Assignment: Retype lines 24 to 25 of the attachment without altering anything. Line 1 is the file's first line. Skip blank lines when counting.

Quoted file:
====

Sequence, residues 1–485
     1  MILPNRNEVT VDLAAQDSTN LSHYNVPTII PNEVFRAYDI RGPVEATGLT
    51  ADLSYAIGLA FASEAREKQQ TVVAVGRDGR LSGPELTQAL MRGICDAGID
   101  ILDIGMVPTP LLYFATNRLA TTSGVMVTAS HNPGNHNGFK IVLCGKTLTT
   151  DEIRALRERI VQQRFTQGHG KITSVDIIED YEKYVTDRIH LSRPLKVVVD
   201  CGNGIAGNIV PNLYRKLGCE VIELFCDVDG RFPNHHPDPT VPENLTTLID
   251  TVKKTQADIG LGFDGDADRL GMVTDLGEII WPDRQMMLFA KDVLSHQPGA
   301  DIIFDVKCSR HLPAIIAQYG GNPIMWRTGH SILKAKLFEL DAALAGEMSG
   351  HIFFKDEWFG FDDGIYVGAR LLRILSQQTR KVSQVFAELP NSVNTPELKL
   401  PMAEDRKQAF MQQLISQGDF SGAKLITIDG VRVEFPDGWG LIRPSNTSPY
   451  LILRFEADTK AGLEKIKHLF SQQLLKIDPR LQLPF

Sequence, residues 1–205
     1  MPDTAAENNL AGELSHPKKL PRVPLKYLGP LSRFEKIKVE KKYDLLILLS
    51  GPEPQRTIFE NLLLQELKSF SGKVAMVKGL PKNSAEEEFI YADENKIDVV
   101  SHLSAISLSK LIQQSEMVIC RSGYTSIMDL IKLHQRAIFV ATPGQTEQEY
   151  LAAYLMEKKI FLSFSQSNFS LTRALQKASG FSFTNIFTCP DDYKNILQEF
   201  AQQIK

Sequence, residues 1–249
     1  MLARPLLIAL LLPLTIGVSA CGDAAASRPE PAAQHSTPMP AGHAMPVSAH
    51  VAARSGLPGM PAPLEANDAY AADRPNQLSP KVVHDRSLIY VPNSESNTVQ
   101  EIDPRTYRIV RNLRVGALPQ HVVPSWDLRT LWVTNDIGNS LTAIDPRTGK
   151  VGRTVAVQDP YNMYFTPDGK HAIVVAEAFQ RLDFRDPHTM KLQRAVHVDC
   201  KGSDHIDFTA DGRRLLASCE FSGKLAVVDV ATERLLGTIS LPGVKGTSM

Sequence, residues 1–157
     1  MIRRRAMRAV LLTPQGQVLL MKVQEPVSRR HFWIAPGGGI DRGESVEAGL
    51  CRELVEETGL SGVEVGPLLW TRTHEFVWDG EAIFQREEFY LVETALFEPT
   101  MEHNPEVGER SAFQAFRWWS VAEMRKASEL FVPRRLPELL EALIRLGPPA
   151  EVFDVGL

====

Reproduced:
Sequence, residues 1–157
     1  MIRRRAMRAV LLTPQGQVLL MKVQEPVSRR HFWIAPGGGI DRGESVEAGL